April 8, 1994
3801 Connecticut Avenue, NW
Washington, DC 20008
Charles L. Reischel
Govt. of the District of Columbia
Deputy Corporation Counsel
Appellate Division 6th Floor
441 4th Street, NW
Washington, DC 20001
RE: Freedman v. D.C. Dept. of Human Rights
D.C. Court of Appeals Docket No. 93-AA-1342
Dear Mr. Reischel:
This letter is intended to direct your attention, with respect to the above referenced matter, to statements contained in Akin Gump’s Response to Interrogatories and Document Request, filed with the D.C. Department of Human Rights on May 22, 1992, which are misleading as a matter of law and which have the necessary effect of concealing a discriminatory practice in employment.
Akin Gump refers in the Response to my “transfer” or “transition,” in March 1990, from the firm’s legal assistant program to the firm’s litigation support department:
“In an attempt to find comparable work for the Claimant, a decision was made to transfer him to the Litigation Support Department.” Response to Particulars, Attachment A, page 1.
“During his transition from a legal assistant position (paralegal) to his work with the litigation support department, Claimant had several discussions with his direct supervisor about problems with interacting with co-workers and occasional outbursts. . . .” Response to Particulars, Attachment A, page 5.
You will observe that a federal court has determined that as a matter of law, a transfer from Akin Gump’s litigation support department to the legal assistant program constitutes a promotion. McNeil v. Akin, Gump, Strauss, Hauer & Feld, No. 93-0477, footnote 2 at 2 (D.C.D.C., filed Nov. 29, 1993) (“McNeil could have applied for promotions outside of the [litigation support] department to legal secretary or legal assistant, however, she stated that she was not interested in either position. During her tenure, two of her coworkers both black, were promoted to legal assistant positions.”) Thus, according to McNeil, a necessary logical conclusion is that my own reverse transfer from legal assistant to litigation support employee in March 1990 was, as a matter of law, a demotion.
Akin Gump’s characterization of my demotion as a "transfer” or “transition” is therefore misleading as a matter of law, and, furthermore, has the necessary effect of concealing a discriminatory practice in employment.
The demotion itself, occurring as it did in March 1990, more than a year before my unlawful termination on October 29, 1991, falls outside the relevant six-moth period defined by the D.C. Human Rights Act of 1977, as amended (“the Act”). However, my continued employment in the litigation support department up until the time of my termination constituted a continuing discriminatory practice in employment. Therefore, my requests for transfer back to the legal assistant program on October 23, 1991 and October 24, 1991--days before my termination--constituted a demand on the employer that it rectify a continuing discriminatory practice. The employer’s refusal to carry out the requested transfer and its decision, instead, to terminate my employment at the time it had express knowledge of my sexual orientation therefore amounted to a per se discriminatory practice in employment by reason of sexual orientation. Cf. McNeil.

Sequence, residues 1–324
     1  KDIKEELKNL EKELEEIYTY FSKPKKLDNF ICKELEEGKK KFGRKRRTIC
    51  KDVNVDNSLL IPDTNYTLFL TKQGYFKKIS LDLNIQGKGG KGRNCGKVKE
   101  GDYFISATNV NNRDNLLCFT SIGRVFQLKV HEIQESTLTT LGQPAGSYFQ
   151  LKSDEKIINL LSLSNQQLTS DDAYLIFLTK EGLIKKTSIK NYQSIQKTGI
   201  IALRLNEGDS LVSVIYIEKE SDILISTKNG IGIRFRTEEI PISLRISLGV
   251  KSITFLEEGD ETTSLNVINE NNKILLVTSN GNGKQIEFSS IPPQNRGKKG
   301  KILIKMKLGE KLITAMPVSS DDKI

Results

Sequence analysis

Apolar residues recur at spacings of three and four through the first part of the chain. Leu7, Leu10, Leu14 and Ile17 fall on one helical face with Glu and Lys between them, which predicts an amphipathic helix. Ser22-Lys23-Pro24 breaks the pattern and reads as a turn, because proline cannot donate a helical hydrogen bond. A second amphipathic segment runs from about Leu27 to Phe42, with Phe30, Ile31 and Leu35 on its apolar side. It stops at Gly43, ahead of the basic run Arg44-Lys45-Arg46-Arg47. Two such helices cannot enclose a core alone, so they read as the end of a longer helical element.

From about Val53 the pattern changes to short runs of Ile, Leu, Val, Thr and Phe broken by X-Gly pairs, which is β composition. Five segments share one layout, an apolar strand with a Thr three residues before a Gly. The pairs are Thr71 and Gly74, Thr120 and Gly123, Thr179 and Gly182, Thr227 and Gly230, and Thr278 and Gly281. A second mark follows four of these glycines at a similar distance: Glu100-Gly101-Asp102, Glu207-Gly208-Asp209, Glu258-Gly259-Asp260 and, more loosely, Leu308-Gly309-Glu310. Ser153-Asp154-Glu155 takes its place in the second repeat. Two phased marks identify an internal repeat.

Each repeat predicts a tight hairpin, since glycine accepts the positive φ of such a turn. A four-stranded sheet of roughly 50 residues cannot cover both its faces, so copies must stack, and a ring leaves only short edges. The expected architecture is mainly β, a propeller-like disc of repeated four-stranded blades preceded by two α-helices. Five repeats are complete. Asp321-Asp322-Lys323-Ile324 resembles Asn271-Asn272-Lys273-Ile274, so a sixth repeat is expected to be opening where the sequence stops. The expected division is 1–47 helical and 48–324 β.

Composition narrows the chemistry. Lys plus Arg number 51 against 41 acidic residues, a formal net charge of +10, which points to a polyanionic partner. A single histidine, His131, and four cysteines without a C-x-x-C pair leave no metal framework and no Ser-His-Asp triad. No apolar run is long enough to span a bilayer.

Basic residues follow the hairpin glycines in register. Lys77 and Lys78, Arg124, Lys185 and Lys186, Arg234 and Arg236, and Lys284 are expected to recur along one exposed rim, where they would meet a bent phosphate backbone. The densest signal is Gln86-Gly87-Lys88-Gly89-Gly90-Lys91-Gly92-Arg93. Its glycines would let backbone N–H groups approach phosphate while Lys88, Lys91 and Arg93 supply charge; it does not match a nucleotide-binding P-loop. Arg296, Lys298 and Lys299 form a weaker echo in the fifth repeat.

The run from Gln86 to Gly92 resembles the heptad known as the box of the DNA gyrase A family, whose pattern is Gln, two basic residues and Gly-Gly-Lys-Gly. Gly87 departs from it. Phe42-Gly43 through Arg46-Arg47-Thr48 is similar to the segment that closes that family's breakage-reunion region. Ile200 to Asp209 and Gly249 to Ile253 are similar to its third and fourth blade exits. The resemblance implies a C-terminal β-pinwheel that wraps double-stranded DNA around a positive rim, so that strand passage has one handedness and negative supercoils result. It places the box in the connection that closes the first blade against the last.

Further, Akin Gump’s willful misrepresentation in the Response regarding the true nature of my “transfer” or “transition” from the legal assistant program to the litigation support department falls short of the candor mandated by the Act, D.C. Code Sec. 1-2529 (Filing False Documents or Testimony) and D.C. Code Sec. 1-2528(a) (Obstruction of an Investigation).
Note that the two black litigation support employees who were promoted to the legal assistant program, see McNeil at n. 2, were Sherry Ann Patrick and Lutheria Harrison.
Coincidentally, both Patrick and Harrison engaged in harassment of me in what I believe to have been a possible quid pro quo arrangement with the harassment ringleader: "If you do this for me (namely, harass Freedman), I'll see to it that you get the promotion you want."
Lutheria Harrison: DHR Finding of Fact 4(h)
(h) On or about early August 1991 an employee, Lutheria Harrison, who at that time was assigned to a work cubicle adjacent to the Complainant, was talking to another employee, Beatrice Spates, about her July telephone bill, emphasizing the word at her desk, stated in a markedly audible tone of voice the children’s rhyme, “liar, liar, pants on fire.” On another occasion a brief time later, Lutheria Harrison, upon entering Chris Robertson’s office to attend a weekly Litigation Support staff meeting, sighed the Yiddish phrase, Oy, veh.”
Complainant told Messrs. Race and Lassman that he interpreted the word “July” as a homophone for the phrase “Jew Lie,” and that these anecdotes suggested that some of his coworkers may have had an anti-semitic animus. Mr. Lassman requested that Complainant provide additional anecdotes that might suggest an anti-Semitic bias by employees. In response to Mr. Lassman’s question, and not on Complainant’s initiative, Complainant mentioned that the mascot of the Litigation Support group was a pig. (At this point Mr. Lassman turned to Mr. Race and said, “Dennis, you’re not Jewish. Jews aren’t allowed to eat pork.”)
Sherry Ann Patrick: COMPLAINANT'S REPLY TO RESPONDENT'S RESPONSE TO INTERROGATORIES AND DOCUMENT REQUEST
Typical of the unprofessional behavior of Litigation Support employees is the following incident. During the summer of 1991 Gregory Courtney, without the knowledge or consent of another employee, Sherrie Patrick (who occupied a work cubicle next to that of Complainant), plastered an approximate 2' x 3' wall of Ms. Patrick’s work cubicle with photographs of scantily-clad male models that he had apparently spent some time culling from magazines. Later, Litigation Support employees Gregory Courtney, Sherrie Patrick and Renee Lloyd engaged in a voluble and disruptive banter about the photographs.